Thank the Protection of Personal Information Act for the grace period – 12 months to learn from Experian

grace period
30 Oct 2020

On the 1st July 2020, the Protection of Personal Information Act (POPIA) 4 of 2013 (“the Act”) became effective. The Act requires all businesses which process personal information of both natural persons and juristic persons to comply with the Act’s eight conditions for lawful processing, by 1 July 2021. There are severe penalties for non-compliance by a responsible party, such as a fine of between R1 million and R10 million, or imprisonment of between one and ten years in jail. The Act also makes provision for the payment of compensation to data subjects who suffered damages in consequence of the responsible party’s non-compliance. Thankfully, businesses have 12 months from the 1st July 2020 to comply with the Act, which is good news for the recent number of companies that have experienced data breaches.

It is important to remember that “personal information” and “processing” are very broadly defined in the Act and include the use, collection, communication, organisation, storage, deletion, transfer, dissemination, linking and copying of any information that is capable of identifying a person, including contact details, medical information, financial information, criminal information, employment information, educational information, biometric, opinions, preferences and geolocation.

Once an organisation has identified that they are processing personal information, they are required to consider how each item of personal information is to be processed, in line with the eight conditions of the Act:

  • Accountability – identifying who the responsible party is (i.e. the business processing the information for a specific purpose) and distinguishing the business from operators (third parties who will process personal information on your behalf).
  • Process limitation – the personal information must be lawfully collected, adequate, relevant and not excessive to the purpose of processing.
  • Process specification – the processing of personal information must be for a specific purpose, and must preferably be obtained directly from the data subject who is aware of this purpose and has consented to the collection, retention and destruction of the information.
  • Further processing limitation – businesses are prevented from taking personal information already collected and using it further, if the use is not compatible with the original purpose for which it was collected.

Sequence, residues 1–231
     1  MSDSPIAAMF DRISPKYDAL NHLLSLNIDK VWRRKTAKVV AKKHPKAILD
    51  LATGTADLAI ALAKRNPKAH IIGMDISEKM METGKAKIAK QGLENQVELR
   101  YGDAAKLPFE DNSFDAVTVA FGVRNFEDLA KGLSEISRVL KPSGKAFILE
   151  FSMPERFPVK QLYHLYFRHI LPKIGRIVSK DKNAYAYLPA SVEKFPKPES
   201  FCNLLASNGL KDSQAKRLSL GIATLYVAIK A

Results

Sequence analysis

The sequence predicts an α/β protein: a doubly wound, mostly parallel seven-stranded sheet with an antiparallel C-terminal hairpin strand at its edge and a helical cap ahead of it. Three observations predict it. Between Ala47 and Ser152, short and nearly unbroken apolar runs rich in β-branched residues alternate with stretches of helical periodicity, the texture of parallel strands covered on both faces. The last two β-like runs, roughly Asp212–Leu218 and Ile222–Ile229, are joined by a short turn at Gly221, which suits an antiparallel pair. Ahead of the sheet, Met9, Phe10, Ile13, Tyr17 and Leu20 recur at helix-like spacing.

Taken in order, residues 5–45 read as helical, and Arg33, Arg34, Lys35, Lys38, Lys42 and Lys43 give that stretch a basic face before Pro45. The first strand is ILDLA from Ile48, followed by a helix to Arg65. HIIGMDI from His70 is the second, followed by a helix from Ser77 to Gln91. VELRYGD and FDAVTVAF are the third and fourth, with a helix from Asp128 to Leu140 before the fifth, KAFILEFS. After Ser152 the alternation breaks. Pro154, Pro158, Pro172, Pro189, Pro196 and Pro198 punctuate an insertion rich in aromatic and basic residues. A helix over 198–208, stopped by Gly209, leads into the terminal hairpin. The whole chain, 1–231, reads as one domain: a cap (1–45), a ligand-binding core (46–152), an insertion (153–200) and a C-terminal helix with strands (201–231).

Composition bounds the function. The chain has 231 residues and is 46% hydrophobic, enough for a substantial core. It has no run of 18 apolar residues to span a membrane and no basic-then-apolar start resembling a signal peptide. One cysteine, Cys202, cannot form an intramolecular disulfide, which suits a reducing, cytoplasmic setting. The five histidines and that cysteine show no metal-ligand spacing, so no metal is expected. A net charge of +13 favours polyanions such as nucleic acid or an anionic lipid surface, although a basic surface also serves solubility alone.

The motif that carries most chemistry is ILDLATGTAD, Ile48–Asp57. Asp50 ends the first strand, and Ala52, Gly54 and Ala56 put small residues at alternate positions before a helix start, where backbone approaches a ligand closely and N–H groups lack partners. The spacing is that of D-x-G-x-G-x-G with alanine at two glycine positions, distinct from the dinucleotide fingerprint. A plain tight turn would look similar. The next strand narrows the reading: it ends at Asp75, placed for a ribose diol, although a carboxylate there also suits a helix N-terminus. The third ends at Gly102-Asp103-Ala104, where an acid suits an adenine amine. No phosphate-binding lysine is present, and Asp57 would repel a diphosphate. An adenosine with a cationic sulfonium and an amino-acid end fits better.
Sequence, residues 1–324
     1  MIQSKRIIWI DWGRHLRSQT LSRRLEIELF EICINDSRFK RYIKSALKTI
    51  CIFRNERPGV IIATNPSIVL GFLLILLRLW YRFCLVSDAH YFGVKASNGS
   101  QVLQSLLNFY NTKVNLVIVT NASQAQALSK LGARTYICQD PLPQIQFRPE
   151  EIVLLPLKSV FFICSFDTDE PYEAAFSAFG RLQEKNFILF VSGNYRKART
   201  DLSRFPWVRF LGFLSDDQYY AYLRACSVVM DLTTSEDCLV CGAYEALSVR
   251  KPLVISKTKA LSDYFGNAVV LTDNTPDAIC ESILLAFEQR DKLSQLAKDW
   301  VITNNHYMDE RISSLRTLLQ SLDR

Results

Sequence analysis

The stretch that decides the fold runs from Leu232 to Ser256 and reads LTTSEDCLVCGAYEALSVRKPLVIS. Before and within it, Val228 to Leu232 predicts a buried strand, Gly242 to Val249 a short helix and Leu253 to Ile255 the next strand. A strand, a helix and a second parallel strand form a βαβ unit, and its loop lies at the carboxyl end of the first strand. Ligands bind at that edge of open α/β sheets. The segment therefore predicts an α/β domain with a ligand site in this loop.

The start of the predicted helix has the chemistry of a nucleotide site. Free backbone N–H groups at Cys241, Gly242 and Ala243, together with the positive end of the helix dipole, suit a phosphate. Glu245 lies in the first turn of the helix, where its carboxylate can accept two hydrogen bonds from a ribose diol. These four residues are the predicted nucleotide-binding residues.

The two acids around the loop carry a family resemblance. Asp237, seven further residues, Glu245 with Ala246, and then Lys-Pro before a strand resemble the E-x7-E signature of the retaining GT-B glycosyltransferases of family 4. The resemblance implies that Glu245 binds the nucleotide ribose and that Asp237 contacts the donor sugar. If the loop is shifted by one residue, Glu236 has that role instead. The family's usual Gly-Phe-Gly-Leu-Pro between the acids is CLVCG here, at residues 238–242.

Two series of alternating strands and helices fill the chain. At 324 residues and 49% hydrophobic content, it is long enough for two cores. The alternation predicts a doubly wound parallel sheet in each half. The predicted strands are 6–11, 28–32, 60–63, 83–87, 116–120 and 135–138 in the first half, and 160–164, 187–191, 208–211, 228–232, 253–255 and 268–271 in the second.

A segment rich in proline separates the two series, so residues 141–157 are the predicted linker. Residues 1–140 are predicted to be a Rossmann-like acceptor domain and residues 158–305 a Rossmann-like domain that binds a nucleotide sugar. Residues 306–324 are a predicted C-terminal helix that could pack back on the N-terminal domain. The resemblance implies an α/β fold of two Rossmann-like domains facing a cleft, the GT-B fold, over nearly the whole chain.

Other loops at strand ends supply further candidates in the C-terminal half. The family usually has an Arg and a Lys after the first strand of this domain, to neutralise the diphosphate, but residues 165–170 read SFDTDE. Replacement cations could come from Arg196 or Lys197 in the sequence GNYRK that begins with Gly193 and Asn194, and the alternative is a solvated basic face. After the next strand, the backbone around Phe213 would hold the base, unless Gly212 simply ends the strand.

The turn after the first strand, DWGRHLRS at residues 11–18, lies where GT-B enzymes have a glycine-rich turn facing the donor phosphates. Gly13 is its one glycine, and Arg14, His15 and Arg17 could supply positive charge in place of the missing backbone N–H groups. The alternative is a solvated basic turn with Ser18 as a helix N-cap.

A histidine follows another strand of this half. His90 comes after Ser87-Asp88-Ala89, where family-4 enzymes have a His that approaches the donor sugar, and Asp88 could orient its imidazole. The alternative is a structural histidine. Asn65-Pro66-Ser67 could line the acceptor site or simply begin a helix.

• Information quality – businesses must take reasonable steps to ensure the personal information is complete, accurate, up-to-date and not misleading.
  • Openness – Data subjects should be kept apprised of personal information being processed and notified together with the Information Regulator should any personal information be compromised.
  • Security safeguards – the business should take the necessary security measures to ensure the integrity and confidentiality of the personal information being processed by authorised persons. A relevant incident response plan must be prepared in the event that a data breach occurs.
  • Participation – data subjects should be made aware of processing rights and be permitted to update their personal information, should any information be outdated and should the business be required to contact the data subject to continue processing the personal information, the data subject should have provided informed consent and explicitly consent to continued processing.

How does a business go about becoming compliant? It is recommended that businesses perform POPIA risk and readiness assessments taking into account various factors and answering the following questions in order to prepare a POPIA Policy:

  • What special personal information are you collecting? (information pertaining to minors, criminal information, medical information, biometric information etc)
  • How are you collecting personal information?
  • Why are you collecting the personal information?
  • What will the personal information be used for?
  • Who will the personal information be shared with?
  • What is your storage, retention and destruction protocols and procedures?
  • What security measures do you have in place and what is the breach protocol procedure?
  • Are you transferring the personal information across the South African border?
  • Have you provided the data subject with a consent form informing them of their rights?
  • Have you appointed an information officer, i.e the person who will be responsible in the business for ensuring compliance with the Act?
  • Do you have a dispute and complaints forum?

Once a business has answered the above questions, they should be in a position to ascertain where their risks are for non-compliance and devise a project plan to become compliant before 1 July 2021.

Should you require any further information or assistance in preparing your POPIA policy or have any further questions, then please do not hesitate to contact our data protection department at [email protected] or [email protected].

See also:

(This article is provided for informational purposes only and not for the purpose of providing legal advice. For more information on the topic, please contact the author/s or the relevant provider.)
Anola Naidoo

Anola Naidoo is an attorney at KISCH IP's commercial department. Anola specialises in the drafting of commercial agreements, consumer law compliance, company registrations, business enterprise management, commercial law and litigation. Read more about Anola Naidoo


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